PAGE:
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2008 Canadian budget a boon for entrepreneurs - Francis Moran & AssociatesFrancis Moran & Associates

2008 Canadian budget a boon for entrepreneurs

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By Peter Kemball

In its 2008 budget released last week, Canada’s Conservative government proposed beneficial changes for entrepreneurs, angel investors and venture capitalists seeking to create wealth by building businesses from the foundations upward.

When laying the foundations of a business, Canada’s Scientific Research and Experimental Development Program (SR&ED) tax refunds earned by early-stage technology firms are a vital source of cash. By allowing for 10% of all wages and salaries paid to Canadian residents for work performed outside Canada to be claimed, Budget 2008 will help improve cash flow. This change eliminates the ludicrous anti-marketing result of not allowing those expenses when experimental development work is conducted on export customer premises.

Budget 2008 also raised the limit of qualified expenditures for Canadian-controlled private corporations from $2 million to $3 million. However, the budget continued the anti-growth-rate policy of reducing the qualified expenditures amount for companies with taxable income of $400,000 or more, and phasing it out for those with taxable income of $700,000 or more.

Another addition to Budget 2008 was the introduction of tax-free savings accounts (TFSA). In brief, starting next calendar year, individuals can contribute up to $5,000 annually from after-tax income to a TFSA. Funds can be withdrawn, tax-free, at any time, positioning this new savings vehicle at the opposite end of the spectrum from registered retirement savings plans. The latter lets money to be put aside to invest before taxes are paid but requires taxes to be paid upon withdrawing funds.

This new initiative has potentially eliminated the capital gains tax for entrepreneurs and angel investors. Was introduction of the TFSA brilliantly accidental, or a sound implementation in support of the role assigned to entrepreneurs in the government’s science and technology strategy? Used in this way amongst other possible purposes, it would put the returns from investing in early-stage ventures on the same footing as winning the lottery. As a U.S. ambassador once observed, a country that valued entrepreneurship would not tax capital gains while leaving lottery winnings tax-free. Introduction of the TFSA meets the National Angel Organization’s request for support, albeit in a way akin to the relationship between the RRSP and the TFSA.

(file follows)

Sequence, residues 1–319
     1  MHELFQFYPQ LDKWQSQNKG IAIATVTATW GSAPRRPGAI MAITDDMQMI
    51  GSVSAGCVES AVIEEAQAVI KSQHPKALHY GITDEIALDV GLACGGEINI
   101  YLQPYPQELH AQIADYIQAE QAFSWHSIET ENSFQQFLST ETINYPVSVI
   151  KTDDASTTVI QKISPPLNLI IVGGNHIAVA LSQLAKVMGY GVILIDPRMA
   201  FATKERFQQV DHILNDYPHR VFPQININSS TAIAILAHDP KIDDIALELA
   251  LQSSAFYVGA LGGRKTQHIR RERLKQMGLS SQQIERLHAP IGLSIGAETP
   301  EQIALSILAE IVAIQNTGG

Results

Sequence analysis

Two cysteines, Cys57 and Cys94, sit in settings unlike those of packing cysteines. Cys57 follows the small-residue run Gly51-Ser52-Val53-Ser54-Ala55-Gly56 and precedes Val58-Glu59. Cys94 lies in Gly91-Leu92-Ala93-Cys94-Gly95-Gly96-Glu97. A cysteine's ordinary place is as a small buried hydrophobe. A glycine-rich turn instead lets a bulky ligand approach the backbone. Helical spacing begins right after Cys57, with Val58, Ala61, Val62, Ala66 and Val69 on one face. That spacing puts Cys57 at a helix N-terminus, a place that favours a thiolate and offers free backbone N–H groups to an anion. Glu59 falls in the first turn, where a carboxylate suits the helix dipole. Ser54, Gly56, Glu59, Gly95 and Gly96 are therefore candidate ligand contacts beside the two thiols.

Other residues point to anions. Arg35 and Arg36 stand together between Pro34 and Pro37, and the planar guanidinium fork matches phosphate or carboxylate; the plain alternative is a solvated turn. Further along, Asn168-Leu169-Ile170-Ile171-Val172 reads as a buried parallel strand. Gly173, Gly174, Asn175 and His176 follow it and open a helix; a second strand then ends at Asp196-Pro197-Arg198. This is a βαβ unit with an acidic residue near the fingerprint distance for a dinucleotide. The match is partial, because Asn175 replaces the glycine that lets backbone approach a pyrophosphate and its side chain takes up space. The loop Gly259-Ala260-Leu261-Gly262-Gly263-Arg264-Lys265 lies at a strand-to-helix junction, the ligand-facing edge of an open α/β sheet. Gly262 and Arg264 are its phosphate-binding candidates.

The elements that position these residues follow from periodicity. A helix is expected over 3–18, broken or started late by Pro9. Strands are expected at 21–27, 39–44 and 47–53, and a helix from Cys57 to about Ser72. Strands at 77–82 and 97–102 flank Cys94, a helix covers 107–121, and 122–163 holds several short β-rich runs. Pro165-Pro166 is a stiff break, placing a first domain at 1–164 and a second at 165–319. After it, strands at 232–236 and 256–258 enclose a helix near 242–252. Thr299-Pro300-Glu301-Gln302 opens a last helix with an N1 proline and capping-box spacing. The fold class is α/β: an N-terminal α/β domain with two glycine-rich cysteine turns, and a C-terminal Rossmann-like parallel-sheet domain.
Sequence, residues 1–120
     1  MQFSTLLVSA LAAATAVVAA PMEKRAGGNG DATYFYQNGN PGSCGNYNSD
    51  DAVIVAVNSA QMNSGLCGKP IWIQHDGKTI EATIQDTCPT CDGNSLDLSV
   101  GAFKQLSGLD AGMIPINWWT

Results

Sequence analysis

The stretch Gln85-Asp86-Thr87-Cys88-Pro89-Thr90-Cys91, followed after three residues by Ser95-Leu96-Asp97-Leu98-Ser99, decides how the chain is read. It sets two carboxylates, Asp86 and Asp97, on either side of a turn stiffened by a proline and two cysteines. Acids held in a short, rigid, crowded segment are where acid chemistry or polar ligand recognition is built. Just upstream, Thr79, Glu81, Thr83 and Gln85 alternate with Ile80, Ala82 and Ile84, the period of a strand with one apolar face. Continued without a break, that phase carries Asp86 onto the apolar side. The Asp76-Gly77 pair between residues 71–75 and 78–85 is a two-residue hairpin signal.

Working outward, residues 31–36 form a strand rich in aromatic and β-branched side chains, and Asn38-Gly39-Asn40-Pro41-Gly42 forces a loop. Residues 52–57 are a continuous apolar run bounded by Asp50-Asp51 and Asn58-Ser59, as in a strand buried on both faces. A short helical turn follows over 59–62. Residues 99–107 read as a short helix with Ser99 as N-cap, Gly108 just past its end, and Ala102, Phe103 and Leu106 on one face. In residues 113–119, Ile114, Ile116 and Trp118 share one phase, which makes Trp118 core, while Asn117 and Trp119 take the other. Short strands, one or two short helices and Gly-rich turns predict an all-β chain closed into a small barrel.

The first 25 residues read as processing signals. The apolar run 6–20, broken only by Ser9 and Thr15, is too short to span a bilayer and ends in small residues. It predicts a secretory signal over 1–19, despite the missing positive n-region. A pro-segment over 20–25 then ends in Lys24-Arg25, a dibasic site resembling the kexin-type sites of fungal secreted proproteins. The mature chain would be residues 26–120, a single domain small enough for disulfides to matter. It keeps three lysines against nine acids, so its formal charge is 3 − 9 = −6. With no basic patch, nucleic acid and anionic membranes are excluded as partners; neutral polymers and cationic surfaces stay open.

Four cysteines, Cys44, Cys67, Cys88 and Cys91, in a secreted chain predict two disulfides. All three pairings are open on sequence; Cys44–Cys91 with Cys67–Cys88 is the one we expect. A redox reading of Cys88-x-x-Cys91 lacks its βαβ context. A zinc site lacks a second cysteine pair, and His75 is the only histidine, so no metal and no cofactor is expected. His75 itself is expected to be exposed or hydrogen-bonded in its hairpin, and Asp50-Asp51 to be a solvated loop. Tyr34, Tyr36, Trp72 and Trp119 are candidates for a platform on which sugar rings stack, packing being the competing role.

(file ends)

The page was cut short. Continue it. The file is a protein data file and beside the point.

Finally, Budget 2008 appeared to remove a long-standing barrier to investment in Canada by U.S. venture capitalists, the infamous Sec 116 requirement that each investor provide Canada Revenue Agency a certificate that taxes are not due. This effectively prevented them from being rewarded for success and beating the odds against creating significant wealth.

What could Budget 2008 have done to really reinforce its hidden subtext of rewarding entrepreneurial success? You be the judge. Go to http://www.fin.gc.ca/activty/consult/sred_e.html where submissions provided to the consultation on the SR&ED Program before November 30, 2007 are being posted. When the government meets its commitment to posting all public submissions, review them and decide for yourself whether or not the SR & ED changes are a big “Eh” or a D. Given the Tory promises in respect of the capital gains tax, would an accountability review grade the budget as an Eh!+, a gentlemen’s C, or a D from the perspective of supporting implementation of the commercialization goals of the S&T policy?

Of course all of this would not be necessary if we were to enact the Tax Lawyers, Accountants and Economists Unemployment Act. Its key provisions would be a 15% tax rate on income, coupled with a capital gains exemption on a continuously declining daily basis, reaching zero at the end of a decade. Then the only questions for debate would be the amount of the basic exemption and the GST percentage. This won’t work, of course, except it is already available in competing countries.

Peter Kemball is CEO and founder at Acorn Partners, an innovative firm that helps B2B SMEs finance their success.


  • links for 2008-03-06 « National Angel Organization

    March 06, 2008 2:30 am

    […] 2008 Canadian budget a boon for Entrepreneurs – Peter Kemball (tags: angel angels entrepreneur) […]

  • Steve

    March 06, 2008 1:55 pm


    Please tell us more about how you see the TFSA effectively eliminating the capital gains tax for entrepreneurs and angel investors.


  • Peter Kemball

    March 10, 2008 11:59 am

    If shares in privately held firms were placed in a TFSA, they would appreciate in value tax free. This already can be done for RRSPs, just not by company principals. To be used for the purpose of encouraging founding entrepreneurs, the rules for TFSAs would have to differ from those which have been used for RRSPs.

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